Monday, September 12, 2011

A Poem Worth Reading

A Moment of Silence

Emmanuel Ortiz

Before I begin this poem, I’d like to ask you to join me in a moment of silence in honor of those who died in the World Trade Center and the Pentagon on September 11th, 2001.
I would also like to ask you to offer up a moment of silence for all of those who have been harassed, imprisoned, disappeared, tortured, raped, or killed in retaliation for those strikes, for the victims in Afghanistan, Iraq, in the U.S., and throughout the world.
And if I could just add one more thing…
A full day of silence… for the tens of thousands of Palestinians who have died at the hands of U.S.-backed Israeli forces over decades of occupation.
Six months of silence… for the million and-a-half Iraqi people, mostly children, who have died of malnourishment or starvation as a result
of a 12-year U.S. embargo against the country.
…And now, the drums of war beat again.
Before I begin this poem, two months of silence… for the Blacks under Apartheid in South Africa, where “homeland security” made them aliens in their own country
Nine months of silence… for the dead in Hiroshima and Nagasaki, where death rained down and peeled back every layer of concrete, steel, earth and skin, and the survivors went on as if alive.
A year of silence… for the millions of dead in Viet Nam —a people, not a war—for those who know a thing or two about the scent of burning fuel, their relatives bones buried in it, their babies born of it.
Two months of silence… for the decades of dead in Colombia, whose names, like the corpses they once represented, have piled up and slipped off our tongues.
Before I begin this poem,
Seven days of silence… for El Salvador
A day of silence… for Nicaragua
Five days of silence… for the Guatemaltecos
None of whom ever knew a moment of peace in their living years.
45 seconds of silence… for the 45 dead at Acteal, Chiapas…
1,933 miles of silence… for every desperate body
That burns in the desert sun
Drowned in swollen rivers at the pearly gates to the Empire’s underbelly,
A gaping wound sutured shut by razor wire and corrugated steel.
25 years of silence… for the millions of Africans who found their graves far deeper in the ocean than any building could poke into the sky.
For those who were strung and swung from the heights of sycamore trees
In the south… the north… the east… the west…
There will be no dna testing or dental records to identify their remains.
100 years of silence… for the hundreds of millions of indigenous people
From this half of right here,
Whose land and lives were stolen,
In postcard-perfect plots like Pine Ridge, Wounded Knee, Sand Creek, Fallen Timbers, or the Trail of Tears
Names now reduced to innocuous magnetic poetry on the refrigerator of our consciousness…
From somewhere within the pillars of power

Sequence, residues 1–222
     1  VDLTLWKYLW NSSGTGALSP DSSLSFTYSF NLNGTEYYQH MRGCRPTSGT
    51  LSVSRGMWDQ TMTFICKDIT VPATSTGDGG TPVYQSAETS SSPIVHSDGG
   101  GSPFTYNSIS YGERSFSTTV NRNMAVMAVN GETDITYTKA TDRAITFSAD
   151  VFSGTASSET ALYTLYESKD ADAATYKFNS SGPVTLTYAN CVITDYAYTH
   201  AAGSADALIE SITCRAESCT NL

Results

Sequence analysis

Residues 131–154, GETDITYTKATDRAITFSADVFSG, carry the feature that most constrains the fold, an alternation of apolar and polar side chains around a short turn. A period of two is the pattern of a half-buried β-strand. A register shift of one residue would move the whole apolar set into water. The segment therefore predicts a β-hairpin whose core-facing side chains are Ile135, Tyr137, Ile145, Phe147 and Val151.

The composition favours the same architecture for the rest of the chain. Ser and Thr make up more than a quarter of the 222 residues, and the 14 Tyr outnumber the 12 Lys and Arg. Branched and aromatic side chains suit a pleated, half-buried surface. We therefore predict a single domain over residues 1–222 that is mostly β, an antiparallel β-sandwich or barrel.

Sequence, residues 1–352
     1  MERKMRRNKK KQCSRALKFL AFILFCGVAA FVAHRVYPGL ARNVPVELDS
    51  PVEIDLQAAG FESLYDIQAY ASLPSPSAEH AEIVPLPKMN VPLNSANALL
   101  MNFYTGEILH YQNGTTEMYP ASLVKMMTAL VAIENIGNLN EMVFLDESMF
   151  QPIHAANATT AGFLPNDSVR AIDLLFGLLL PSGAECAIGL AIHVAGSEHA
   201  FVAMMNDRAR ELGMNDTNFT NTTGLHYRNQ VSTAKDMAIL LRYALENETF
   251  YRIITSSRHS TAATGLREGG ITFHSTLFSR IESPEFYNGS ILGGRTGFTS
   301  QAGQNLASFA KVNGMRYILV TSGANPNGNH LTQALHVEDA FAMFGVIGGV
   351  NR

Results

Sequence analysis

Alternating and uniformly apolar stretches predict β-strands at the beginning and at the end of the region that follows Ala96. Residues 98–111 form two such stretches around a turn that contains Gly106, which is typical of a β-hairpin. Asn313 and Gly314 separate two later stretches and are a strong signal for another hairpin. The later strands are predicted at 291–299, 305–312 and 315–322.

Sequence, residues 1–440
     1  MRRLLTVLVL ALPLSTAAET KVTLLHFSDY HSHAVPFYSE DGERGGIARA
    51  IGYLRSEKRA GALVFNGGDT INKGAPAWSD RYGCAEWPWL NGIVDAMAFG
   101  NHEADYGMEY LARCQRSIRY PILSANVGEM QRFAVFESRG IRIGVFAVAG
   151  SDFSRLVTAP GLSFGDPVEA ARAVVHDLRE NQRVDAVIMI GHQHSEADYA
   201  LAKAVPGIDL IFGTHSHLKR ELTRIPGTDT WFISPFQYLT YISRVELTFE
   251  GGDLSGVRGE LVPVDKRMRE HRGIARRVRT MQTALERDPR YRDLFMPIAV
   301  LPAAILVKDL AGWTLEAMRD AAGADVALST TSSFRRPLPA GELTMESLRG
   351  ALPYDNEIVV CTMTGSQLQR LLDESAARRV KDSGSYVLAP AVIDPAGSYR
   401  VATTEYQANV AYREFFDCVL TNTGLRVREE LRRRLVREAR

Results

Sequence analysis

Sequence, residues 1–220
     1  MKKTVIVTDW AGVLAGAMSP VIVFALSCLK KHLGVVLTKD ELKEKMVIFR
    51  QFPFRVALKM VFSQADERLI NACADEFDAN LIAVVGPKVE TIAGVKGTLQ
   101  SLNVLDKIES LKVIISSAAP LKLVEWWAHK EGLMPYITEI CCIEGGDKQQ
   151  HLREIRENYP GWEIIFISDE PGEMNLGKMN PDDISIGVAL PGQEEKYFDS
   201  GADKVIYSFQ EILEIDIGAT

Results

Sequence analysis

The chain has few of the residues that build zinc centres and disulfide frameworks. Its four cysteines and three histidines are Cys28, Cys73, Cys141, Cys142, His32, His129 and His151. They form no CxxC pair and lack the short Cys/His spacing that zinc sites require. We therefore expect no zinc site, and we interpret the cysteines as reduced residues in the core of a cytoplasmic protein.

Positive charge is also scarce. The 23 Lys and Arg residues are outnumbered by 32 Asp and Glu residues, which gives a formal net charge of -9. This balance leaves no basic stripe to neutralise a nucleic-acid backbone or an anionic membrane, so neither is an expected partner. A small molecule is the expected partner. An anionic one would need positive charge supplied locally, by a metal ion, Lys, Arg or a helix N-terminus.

You open your mouths to invoke a moment of our silence
And we are all left speechless,
Our tongues snatched from our mouths,
Our eyes stapled shut.
A moment of silence,
And the poets are laid to rest,
The drums disintegrate into dust.
Before I begin this poem,
You want a moment of silence…
You mourn now as if the world will never be the same
And the rest of us hope to hell it won’t be.
Not like it always has been.
…Because this is not a 9-1-1 poem
This is a 9/10 poem,
It is a 9/9 poem,
A 9/8 poem,
A 9/7 poem…
This is a 1492 poem.
This is a poem about what causes poems like this to be written.
And if this is a 9/11 poem, then
This is a September 11th 1973 poem for Chile.
This is a September 12th 1977 poem for Steven Biko in South Africa.
This is a September 13th 1971 poem for the brothers at Attica Prison, New York.
This is a September 14th 1992 poem for the people of Somalia.
This is a poem for every date that falls to the ground amidst the ashes of amnesia.
This is a poem for the 110 stories that were never told,
The 110 stories that history uprooted from its textbooks
The 110 stories that that cnn, bbc, The New York Times, and Newsweek ignored.
This is a poem for interrupting this program.
This is not a peace poem,
Not a poem for forgiveness.
This is a justice poem,
A poem for never forgetting.
This is a poem to remind us
That all that glitters
Might just be broken glass.
And still you want a moment of silence for the dead?
We could give you lifetimes of empty:
The unmarked graves,
The lost languages,
The uprooted trees and histories,
The dead stares on the faces of nameless children…
Before I start this poem we could be silent forever
Or just long enough to hunger,
For the dust to bury us
And you would still ask us
For more of our silence.
So if you want a moment of silence
Then stop the oil pumps
Turn off the engines, the televisions
Sink the cruise ships
Crash the stock markets
Unplug the marquee lights
Delete the e-mails and instant messages
Derail the trains, ground the planes.
If you want a moment of silence, put a brick through the window
of Taco Bell
And pay the workers for wages lost.
Tear down the liquor stores,
The townhouses, the White Houses, the jailhouses, the Penthouses
and the Playboys.
If you want a moment of silence,
Then take it
On Super Bowl Sunday,
The Fourth of July,
During Dayton’s 13 hour sale,
The next time your white guilt fills the room where my beautiful brown people have gathered.
You want a moment of silence
Then take it
Before this poem begins.
Here, in the echo of my voice,
In the pause between goosesteps of the second hand,
In the space between bodies in embrace,
Here is your silence.
Take it.